Some Tips to Improve Swift Code (Part 2)

Tram Ho

Part 1 alone has introduced some tips to help improve your code lines, make them easier to read and safer.

In the previous section, I have listed some Tips, today I will review the remaining Tips.

8. Loops

It’s been explained pretty well, isn’t it, the looping syntax and the results are listed next to it.

9. Use Enumerations

Using an undefined string will confuse us with coding, as well as mainternance. With option 2, the coding will become easier and more self-explanatory right!

10. Use Callback to examine a Completion Handler

As we can easily see, both of the above examples can interact directly with the returned data.

11. Provide a default value for the variable

In this example, we see both options for default values ​​when the textInput value is nil, but obviously method 2 makes the code lighter and more accessible.

12. Store common constants in a file for easy access

Storing static constants value at one point makes it easier to manage.

To get value:

13. Automatic Reference Counting

I think every developer should read through the ARC (Automatic Reference Counting) documentation .

ARC is used by Swift to monitor and manage memory. Because in some cases the reference is still kept.

Consider the following example for clarity. For example we have 1 class Person:

We create 3 variables. Each variable is an optional, and the initialization value is nil:

Next, we assign ref1 as a Person:

Next, we assign ref2 and ref3 by ref1 => ref2 and ref3 with ref1 pointing to the same reference:

Now, we can see that the 3 variables ref1, ref2 and ref3 all point to 1 Person object, We can consider the first 2 variables nil, because ref3 still keeps the reference to Person in memory:

Finally, to de-initialize the Persion object, we consider ref3 to nil and the final reference is destroyed:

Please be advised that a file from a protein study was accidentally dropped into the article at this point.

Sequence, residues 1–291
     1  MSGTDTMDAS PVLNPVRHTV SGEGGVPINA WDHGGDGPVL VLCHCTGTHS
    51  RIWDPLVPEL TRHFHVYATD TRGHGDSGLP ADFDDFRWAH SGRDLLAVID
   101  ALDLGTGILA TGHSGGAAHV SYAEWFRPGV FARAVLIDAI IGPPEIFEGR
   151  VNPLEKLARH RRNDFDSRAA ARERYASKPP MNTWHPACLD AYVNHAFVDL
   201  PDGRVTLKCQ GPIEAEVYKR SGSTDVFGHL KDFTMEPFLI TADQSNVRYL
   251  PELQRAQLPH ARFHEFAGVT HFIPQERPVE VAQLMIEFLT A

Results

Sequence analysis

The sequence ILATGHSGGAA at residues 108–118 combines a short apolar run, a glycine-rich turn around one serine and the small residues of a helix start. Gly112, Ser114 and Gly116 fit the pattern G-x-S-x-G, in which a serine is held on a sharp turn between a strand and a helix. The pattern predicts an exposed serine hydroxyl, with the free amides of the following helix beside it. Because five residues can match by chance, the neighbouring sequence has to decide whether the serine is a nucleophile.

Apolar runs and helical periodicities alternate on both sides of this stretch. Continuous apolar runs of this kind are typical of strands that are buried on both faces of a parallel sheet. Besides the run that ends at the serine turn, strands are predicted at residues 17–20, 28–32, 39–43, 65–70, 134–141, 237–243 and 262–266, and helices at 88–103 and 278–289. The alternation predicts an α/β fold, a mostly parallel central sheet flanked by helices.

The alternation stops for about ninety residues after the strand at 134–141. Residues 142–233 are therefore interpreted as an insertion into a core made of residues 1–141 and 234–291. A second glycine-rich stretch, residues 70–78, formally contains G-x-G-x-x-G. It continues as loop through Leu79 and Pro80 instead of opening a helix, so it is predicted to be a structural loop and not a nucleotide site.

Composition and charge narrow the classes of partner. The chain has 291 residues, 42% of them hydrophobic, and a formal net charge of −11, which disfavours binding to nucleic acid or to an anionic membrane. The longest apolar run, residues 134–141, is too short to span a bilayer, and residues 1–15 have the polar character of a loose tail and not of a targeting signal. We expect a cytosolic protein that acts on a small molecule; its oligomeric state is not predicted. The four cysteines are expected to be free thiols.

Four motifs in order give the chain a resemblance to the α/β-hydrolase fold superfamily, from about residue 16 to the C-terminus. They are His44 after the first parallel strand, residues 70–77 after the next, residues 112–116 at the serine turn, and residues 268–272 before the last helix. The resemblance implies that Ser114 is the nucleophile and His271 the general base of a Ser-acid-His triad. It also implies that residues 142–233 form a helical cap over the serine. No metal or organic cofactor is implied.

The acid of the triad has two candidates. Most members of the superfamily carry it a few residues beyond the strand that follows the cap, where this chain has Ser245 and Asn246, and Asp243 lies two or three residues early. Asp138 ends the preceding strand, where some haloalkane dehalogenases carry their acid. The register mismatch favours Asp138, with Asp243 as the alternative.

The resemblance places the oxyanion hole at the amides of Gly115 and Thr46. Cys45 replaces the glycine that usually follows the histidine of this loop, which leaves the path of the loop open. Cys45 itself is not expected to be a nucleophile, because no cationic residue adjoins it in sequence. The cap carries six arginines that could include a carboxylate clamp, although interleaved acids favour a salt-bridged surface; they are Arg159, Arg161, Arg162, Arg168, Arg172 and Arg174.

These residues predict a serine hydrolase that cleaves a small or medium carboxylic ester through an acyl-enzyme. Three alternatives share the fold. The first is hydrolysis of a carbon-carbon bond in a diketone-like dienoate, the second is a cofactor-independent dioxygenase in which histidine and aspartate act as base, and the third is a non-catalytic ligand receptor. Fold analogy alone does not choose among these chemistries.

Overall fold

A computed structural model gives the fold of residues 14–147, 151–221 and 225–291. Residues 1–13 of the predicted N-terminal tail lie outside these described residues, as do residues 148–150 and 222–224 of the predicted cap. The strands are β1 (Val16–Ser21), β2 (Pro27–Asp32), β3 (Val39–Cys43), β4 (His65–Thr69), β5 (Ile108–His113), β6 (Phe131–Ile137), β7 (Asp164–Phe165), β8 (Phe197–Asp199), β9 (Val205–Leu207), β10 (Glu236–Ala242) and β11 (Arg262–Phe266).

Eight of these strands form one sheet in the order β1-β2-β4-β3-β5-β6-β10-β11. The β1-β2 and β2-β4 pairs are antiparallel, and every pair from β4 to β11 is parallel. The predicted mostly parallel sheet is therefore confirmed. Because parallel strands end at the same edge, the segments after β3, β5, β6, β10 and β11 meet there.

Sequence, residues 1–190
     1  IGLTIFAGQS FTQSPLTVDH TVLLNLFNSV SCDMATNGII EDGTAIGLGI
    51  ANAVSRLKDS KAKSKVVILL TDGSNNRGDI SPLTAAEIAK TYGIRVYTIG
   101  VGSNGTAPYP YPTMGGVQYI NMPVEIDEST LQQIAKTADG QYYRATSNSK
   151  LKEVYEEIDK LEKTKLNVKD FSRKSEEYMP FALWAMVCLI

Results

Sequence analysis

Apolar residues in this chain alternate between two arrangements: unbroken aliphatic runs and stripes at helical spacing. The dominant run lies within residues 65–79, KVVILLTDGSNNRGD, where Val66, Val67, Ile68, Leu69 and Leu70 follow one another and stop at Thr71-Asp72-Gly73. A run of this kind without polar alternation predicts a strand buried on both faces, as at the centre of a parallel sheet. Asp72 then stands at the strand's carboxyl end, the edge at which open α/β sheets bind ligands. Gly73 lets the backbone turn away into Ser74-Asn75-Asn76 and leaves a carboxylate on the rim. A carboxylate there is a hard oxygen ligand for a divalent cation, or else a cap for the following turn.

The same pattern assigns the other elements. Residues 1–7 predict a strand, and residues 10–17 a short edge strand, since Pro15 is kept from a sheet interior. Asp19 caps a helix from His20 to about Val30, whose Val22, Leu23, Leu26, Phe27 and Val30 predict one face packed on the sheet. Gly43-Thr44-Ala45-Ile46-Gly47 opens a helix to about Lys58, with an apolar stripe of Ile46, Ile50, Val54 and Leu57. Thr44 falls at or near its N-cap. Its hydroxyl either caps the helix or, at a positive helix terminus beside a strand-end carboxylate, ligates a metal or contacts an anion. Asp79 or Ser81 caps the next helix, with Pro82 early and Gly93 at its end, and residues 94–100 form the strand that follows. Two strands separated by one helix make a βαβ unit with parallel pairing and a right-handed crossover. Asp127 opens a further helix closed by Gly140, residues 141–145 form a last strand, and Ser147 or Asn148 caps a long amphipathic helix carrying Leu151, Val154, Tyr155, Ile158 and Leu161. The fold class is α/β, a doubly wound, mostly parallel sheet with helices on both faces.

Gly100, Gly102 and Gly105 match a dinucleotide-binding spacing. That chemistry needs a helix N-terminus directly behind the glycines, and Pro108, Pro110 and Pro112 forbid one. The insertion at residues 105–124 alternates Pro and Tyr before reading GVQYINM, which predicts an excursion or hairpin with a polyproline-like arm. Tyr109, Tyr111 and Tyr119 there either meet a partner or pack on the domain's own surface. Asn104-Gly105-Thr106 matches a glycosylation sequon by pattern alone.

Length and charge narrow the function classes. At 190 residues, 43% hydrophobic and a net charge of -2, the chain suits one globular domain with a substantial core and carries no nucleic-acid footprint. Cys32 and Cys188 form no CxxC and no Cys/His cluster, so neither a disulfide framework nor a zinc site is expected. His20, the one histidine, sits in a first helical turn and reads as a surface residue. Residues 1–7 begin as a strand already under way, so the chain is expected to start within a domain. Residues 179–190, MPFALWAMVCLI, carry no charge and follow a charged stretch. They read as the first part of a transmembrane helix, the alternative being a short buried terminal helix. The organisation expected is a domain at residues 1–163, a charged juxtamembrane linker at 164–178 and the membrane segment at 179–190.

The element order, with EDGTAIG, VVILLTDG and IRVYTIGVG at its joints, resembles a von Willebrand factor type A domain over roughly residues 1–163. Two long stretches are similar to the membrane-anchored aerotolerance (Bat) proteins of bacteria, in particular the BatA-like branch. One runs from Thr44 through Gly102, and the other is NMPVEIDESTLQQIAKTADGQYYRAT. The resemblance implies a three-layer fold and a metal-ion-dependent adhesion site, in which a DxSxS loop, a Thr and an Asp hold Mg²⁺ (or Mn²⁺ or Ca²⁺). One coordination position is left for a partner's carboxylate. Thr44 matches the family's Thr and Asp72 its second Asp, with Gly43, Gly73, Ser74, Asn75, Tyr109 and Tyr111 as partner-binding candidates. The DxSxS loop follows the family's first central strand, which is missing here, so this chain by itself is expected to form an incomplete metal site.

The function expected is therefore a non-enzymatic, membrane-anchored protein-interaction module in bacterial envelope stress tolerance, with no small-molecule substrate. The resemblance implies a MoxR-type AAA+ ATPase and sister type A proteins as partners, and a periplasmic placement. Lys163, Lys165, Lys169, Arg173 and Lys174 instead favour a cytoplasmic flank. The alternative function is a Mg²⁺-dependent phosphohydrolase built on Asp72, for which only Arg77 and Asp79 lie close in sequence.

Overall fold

14. Provide a default value for function parameters.

It’s pretty obvious isn’t that, we just need to provide a default value for input parameters.

15. Encode / decode Struct from memory through UserDefaults.

The file above demonstrates the usefulness of this approach.

First, we need to create a Struct TaskItem that inherits Codable, which allows us to encode / decode through a Serialized Format (eg JSON format).

Further, you can see that, inside the retrieveData () function, we are using guard statements and an if let statement to check if UserDefaults contains an existing array of TaskItems.

If no such array exists, we create a new array full of the aforementioned items.

At the end of this file, you can see a demonstration of how you would encode an existing array of Codable items into memory through a PropertyListEncoder, dictionary key, and optional try block.

The main use case for this file will be running at the application initialization phase.

During this phase, we will examine a series of pre-existing items that we want to archive. If this array doesn’t exist, we can pre-populate an array of our items and then store it in memory to recall later.

Here is the end, hopefully useful to you. Thank you for watching.

Reference: 15 Quick Tips to Improve Your Swift Code

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